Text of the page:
Incredible. Just lay them all off. Only a government body would consider retiring someone as a way to save money rather than just laying them all off. Welcome to the real world government employees.

Like this comment
Posted by NeHi
a resident of Cuesta Park
on Mar 23, 2010 at 6:59 pm

Hmmm, is it really better to pay them to not work than to pay them to work??

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Posted by Former Airline Employee
a resident of Shoreline West
on Mar 23, 2010 at 7:44 pm

Look at the airline industry. When times got tough, jobs were cut and retirement packages slashed to almost worthless. Yet here is a city that can't bring itself to do the right thing by taxpayers, some of whom perhaps once worked for the airline industry.

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Posted by Old Ben
a resident of Shoreline West
on Mar 24, 2010 at 12:37 am

Just let them go.

Like this comment
a resident of Blossom Valley
on Mar 24, 2010 at 7:56 am

Only the government figures they save money by paying early retirement. Pay these 33 staffers off - give them overly generous retirement pay - and then let them go and double dip. Why not have them sign an agreement that says any income they make comes back to the city. If they're 'retired' then they should not be double dipping. Unbelievable - just keep stiffing the taxpayers. MV council should think of contracting out a number of services like San Carlos and others are doing - or cutting back all employees' salaries by 10% like San Jose is doing. Where's the leadership? Retirement pay is one of the biggest elements of the city budget - and it's only getting worse. It's time to bite the bullet and fix it - rather than making the taxpayer fund overstaffed, overpaid city workers.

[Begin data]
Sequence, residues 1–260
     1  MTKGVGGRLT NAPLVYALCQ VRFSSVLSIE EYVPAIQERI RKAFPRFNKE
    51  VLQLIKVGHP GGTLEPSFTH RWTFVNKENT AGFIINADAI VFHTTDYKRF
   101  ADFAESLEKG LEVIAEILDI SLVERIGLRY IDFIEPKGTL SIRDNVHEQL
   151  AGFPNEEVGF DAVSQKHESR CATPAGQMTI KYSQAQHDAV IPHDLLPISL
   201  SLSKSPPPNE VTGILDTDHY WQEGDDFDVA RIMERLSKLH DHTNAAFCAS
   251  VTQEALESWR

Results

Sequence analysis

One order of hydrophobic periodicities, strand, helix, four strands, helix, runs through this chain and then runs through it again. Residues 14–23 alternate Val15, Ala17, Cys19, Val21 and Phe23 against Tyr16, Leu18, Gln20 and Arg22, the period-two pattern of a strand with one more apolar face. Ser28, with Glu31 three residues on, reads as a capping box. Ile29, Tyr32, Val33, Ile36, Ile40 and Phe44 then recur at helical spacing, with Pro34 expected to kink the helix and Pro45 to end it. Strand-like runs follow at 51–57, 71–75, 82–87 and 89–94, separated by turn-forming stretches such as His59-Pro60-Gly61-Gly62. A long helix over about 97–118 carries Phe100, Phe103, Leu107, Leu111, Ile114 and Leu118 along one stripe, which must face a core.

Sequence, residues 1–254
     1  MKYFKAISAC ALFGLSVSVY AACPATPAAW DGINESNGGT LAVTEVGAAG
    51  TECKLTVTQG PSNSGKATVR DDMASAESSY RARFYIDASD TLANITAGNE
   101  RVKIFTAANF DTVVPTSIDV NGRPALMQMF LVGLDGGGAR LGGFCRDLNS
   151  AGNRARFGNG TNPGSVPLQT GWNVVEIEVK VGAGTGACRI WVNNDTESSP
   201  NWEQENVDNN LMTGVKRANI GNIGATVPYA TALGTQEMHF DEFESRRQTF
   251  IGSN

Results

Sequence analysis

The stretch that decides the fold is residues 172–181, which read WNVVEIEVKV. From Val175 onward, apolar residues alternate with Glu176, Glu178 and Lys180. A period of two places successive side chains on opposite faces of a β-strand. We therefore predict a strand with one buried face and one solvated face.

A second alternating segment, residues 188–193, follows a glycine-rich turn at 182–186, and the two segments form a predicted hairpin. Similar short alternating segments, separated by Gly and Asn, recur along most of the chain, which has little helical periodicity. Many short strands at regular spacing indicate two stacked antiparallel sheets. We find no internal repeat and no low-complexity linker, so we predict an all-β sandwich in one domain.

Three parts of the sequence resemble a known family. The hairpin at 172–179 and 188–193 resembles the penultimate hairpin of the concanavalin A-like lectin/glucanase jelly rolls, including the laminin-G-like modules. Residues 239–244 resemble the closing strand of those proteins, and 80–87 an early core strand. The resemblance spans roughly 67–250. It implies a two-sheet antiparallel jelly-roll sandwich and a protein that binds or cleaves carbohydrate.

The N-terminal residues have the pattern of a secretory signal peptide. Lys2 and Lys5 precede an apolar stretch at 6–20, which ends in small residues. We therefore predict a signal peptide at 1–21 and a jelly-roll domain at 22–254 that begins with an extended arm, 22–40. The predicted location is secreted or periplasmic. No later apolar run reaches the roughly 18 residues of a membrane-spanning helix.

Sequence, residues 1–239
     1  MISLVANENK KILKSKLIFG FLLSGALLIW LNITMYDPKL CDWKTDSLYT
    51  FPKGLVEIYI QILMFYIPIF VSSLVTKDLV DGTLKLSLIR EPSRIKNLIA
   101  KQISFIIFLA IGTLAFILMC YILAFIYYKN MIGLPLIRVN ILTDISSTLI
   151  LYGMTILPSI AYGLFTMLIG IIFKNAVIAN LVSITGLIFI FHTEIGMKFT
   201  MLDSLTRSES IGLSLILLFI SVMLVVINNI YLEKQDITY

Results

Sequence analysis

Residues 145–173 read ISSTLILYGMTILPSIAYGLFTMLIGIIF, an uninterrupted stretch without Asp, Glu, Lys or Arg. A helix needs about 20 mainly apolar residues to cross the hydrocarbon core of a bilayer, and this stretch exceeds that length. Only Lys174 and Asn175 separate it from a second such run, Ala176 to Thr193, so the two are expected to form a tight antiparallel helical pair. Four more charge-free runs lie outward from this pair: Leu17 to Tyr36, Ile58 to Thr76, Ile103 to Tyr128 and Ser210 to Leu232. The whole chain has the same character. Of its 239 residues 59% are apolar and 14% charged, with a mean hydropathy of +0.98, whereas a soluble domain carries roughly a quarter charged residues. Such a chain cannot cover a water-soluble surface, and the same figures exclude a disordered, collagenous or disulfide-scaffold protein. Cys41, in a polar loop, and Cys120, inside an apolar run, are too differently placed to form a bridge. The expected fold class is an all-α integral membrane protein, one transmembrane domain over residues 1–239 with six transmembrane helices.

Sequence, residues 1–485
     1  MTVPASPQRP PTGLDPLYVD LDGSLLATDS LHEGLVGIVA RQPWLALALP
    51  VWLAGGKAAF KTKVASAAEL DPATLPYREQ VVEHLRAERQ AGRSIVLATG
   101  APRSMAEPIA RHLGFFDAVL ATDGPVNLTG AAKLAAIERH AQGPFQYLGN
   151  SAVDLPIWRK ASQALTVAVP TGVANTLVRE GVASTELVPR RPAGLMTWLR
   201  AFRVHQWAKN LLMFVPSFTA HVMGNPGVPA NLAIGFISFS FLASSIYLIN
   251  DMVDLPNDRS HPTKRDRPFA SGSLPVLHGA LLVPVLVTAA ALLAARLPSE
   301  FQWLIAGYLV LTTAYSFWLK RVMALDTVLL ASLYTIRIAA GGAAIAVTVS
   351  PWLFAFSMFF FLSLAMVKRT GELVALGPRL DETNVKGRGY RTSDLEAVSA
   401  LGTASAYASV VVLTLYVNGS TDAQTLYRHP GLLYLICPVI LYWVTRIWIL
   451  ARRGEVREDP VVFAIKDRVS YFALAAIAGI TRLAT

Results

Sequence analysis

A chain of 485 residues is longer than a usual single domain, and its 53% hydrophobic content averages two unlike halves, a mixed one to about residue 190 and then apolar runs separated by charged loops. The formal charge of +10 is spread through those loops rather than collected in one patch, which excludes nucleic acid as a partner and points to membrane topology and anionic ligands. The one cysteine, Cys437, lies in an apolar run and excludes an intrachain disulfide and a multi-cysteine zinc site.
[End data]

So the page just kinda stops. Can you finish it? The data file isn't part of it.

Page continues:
Like this comment
Posted by Chebacca
a resident of another community
on Mar 24, 2010 at 9:46 am

Quit complaining and go apply

Like this comment
Posted by Ted
a resident of Cuesta Park
on Mar 24, 2010 at 10:34 am

MV taxpayers: If you don't agree with what YOUR city is doing with YOUR tax dollars, talk to your elected officals. If they don't respond to your fiscal concerns, vote for future candidates that will.

Like this comment
Posted by Steve
a resident of Old Mountain View
on Mar 25, 2010 at 2:35 am

Just a microcosm of the state and national governments.

Folks govt has almost zero incentive to be efficient (no competition) and maximum incentive to grow

Like this comment
Posted by duh
a resident of Whisman Station
on Mar 25, 2010 at 1:01 pm

I see a lot of commons from people that really don't know how a layoff process works. It works from the bottom up. Meaning the new employees that would be with us for several years would be laid off first. Yes, you save money that way but then when the senior person decides to retiree with their benifits they been working for 20 years then they get to go out the door and the city has to fill those positions and it doubles their cost because they just laid off those people already; therefore, you save thousands by having the senior person leave early with the incintive and you don't have to fill the bottom person. So think about the big picture because the city manager already has.